For a general history of the Fleet prison see: Brown, RL. A History of the Fleet Prison, London: the anatomy of the Fleet. Studies in British History, vol.42, Lewiston, NY; Lampeter: Edwin Mellen Press, 1996. See also: Brown, W. The Fleet: a brief account of the ancient prison called “the Fleet”. London, 1843. See also: A Schedule, or list of the Prisoners in the Fleet… May 25, 1653…As also a list of those prisoners that are gone out, taking the benefit of the Act of Parliament for reliefs of poore prisoners… Delivered by Mr. Henry Hopkins, Warden of the Fleet, to the Committee appointed by the Counsell of State for examining the state of the said prison, etc. pp.20 GS for Livewell Chapman, London, 1653; Hopkins, Henry. Warden of the Fleet Prison. A Schedule or List of the Prisoners in the Fleet, remaining in custody May 25, 1653, with the times of their commitment, and the causes of their detention. As also a list of those prisoners that are gone out, taking the benefit of the act of parliament for reliefe of poore prisoners, etc. London, 1653; Oates, T. A Comical Dialogue between Dr. Oates, and williamn Fuller, relating to both their misfortunes, &c. With Dr. Oates’s second letter to Fuller, in the Fleet Prison With Ful;er’s answers thereunto. pp.8 Printed for John Johnson, London, 1702; Harris, A. The economy of the fleet (Jessopp, A, Ed.) Camden Society. NS, XXV, 1879.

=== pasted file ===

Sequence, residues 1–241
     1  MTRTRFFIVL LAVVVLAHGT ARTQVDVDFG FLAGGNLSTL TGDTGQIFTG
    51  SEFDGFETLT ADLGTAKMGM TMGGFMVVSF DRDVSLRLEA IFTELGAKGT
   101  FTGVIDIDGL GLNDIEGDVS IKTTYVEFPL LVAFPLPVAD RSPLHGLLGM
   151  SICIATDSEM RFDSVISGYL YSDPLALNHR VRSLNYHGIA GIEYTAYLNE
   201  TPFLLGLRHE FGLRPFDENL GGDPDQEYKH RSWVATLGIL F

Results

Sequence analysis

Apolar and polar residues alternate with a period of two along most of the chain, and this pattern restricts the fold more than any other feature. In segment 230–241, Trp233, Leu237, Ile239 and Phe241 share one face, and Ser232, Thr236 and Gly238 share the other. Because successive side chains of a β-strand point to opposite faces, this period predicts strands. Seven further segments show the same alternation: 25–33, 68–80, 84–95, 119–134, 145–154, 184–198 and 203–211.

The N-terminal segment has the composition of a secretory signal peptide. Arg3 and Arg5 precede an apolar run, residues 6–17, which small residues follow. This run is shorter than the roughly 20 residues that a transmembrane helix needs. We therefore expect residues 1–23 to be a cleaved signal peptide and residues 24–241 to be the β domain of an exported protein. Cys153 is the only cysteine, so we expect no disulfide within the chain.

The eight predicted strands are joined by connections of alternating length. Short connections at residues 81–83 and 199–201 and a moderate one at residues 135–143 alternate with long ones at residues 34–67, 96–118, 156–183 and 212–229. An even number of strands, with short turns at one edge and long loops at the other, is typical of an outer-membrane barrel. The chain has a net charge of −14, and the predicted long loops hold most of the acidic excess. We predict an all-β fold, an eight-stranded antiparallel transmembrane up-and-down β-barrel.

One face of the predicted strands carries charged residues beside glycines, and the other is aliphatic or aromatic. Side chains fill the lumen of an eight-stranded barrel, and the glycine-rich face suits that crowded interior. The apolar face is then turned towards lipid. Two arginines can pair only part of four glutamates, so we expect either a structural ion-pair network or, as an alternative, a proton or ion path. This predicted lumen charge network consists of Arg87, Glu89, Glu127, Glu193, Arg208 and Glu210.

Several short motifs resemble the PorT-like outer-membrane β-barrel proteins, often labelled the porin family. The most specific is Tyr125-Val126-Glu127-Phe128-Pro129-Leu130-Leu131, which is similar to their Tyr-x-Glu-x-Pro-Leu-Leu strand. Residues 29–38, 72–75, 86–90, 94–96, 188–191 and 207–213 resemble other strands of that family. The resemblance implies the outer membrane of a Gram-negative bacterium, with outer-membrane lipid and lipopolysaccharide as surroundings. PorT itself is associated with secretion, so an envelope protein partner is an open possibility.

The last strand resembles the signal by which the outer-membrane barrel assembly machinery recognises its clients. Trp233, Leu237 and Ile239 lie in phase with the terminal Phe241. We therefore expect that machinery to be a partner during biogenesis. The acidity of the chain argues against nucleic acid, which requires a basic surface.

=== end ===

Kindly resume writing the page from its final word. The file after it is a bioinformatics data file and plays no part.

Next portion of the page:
NA Records of the Fleet Prison, 1300-1842, PRIS 1, PRIS 2 (commitment books), PRIS 3 (discharge books), National Archive.